# Cost of circuits

Discussion in 'Homework Help' started by Shamieh, Feb 14, 2014.

1. ### Shamieh Thread Starter Member

Oct 24, 2013
36
1
Can someone explain to me how to evaluate the cost of a circuit? My teacher went over it briefly but I'm not quite sure.. Like what are the rules? Do you count inverters? I know that each gate is equal to 2 right? Each input is equivalent to 1? So, xyz would be 3 inputs so if i had 3 inputs and 2 and gates would that just be 3 + 4 = 7? Anyone have a link for a good example of how to do cost?

2. ### #12 Expert

Nov 30, 2010
16,665
7,310
Cost is usually considered in terms of money. Please explain more about which cost you are evaluating.

3. ### WBahn Moderator

Mar 31, 2012
18,085
4,917
What kind of circuit? TTL? CMOS? Discrete logic? ASIC?

If you are talking about CMOS, then one proxy for the "cost" that jives with what you are talking about is to count the number of transistors (or something that is directly proportional to the number of transistors) since this will, roughly, be proportional to the area of the circuit which is what most of your costs are going to be sensitive to.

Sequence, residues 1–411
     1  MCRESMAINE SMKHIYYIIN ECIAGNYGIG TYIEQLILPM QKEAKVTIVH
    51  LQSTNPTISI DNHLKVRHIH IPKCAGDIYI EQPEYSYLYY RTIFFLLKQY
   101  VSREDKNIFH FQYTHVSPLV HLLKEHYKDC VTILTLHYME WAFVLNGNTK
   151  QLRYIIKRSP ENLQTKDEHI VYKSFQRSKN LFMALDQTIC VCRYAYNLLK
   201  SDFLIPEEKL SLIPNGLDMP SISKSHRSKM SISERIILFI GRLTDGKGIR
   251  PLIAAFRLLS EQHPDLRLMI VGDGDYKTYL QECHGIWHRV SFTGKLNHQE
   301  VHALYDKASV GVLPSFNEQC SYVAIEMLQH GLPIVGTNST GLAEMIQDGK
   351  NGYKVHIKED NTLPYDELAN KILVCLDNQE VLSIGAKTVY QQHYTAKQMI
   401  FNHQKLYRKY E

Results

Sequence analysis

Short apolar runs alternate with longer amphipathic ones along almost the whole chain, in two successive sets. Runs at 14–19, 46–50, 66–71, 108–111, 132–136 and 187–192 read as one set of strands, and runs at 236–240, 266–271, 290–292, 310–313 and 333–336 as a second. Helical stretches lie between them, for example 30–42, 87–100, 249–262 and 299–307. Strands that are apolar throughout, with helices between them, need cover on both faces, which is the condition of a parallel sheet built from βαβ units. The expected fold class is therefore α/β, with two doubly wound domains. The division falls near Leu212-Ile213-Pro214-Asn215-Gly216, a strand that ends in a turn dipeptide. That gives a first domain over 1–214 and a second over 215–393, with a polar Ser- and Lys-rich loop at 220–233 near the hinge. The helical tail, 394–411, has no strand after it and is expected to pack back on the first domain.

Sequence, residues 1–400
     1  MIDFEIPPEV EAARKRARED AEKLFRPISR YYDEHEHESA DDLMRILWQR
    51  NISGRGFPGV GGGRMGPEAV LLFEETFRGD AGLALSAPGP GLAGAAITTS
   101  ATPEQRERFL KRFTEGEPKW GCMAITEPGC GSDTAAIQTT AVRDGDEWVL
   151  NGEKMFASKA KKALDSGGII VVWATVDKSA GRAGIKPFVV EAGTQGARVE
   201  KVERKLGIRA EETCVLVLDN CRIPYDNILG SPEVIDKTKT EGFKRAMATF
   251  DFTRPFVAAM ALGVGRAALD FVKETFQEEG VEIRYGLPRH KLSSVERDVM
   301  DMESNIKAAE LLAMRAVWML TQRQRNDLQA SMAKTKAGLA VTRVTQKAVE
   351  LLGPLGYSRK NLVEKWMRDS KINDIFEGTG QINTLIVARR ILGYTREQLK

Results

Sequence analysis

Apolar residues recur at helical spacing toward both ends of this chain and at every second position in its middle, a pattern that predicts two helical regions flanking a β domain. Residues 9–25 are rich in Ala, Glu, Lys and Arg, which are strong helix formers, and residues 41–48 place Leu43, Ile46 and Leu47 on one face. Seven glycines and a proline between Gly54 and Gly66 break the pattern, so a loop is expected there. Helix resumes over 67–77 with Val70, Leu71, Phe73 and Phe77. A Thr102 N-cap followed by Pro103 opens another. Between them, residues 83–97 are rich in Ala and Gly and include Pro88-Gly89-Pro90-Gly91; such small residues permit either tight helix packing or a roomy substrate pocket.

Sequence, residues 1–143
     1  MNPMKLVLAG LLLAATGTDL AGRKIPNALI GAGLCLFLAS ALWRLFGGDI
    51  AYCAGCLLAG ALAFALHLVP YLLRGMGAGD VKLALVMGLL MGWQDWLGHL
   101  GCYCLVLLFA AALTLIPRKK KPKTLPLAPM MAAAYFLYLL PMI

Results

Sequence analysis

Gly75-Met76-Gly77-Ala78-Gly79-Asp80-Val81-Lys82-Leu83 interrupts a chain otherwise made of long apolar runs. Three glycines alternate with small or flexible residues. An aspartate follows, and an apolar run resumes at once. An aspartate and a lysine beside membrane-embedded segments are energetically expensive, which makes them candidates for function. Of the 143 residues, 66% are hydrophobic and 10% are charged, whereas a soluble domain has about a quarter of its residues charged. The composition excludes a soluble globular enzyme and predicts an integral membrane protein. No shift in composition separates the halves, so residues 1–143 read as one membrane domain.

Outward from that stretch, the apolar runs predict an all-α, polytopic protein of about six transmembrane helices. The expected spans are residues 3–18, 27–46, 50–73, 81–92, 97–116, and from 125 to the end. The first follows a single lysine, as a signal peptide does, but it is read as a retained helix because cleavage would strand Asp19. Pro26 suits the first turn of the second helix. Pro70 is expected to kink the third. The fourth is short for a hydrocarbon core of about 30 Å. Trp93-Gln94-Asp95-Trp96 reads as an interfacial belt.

This is often expressed in "inverter-equivalents". For basic CMOS, an inverter uses 2 transistors. NAND and NOR gates use two transistor per input, so the number of inputs is the number of inverter equivalents. AND and OR gates have an additional two transistors to invert the output, so you need to add one more. An XOR gate will depend on how it is implemented, but is commonly either 6 or 8 inverter equivalents.

And, yes, you definitely count inverters.

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4. ### Shamieh Thread Starter Member

Oct 24, 2013
36
1
I think discrete logic is the circuit I'm looking for...Although I don't know what any of those mean so I'm not sure. I'm trying to figure out what each of these are worth.. Am i correct in saying

NAND = 2
NOR = 2
NOT = 1 (What do I do if I have two inverters on one and gate? Is that just 1 + 1 or just 1?
INPUTS = 1(for EACH input)
AND = 2
OR = 2

5. ### WBahn Moderator

Mar 31, 2012
18,085
4,917
If you are using discrete logic, then this is a very poor judge of any kind of cost.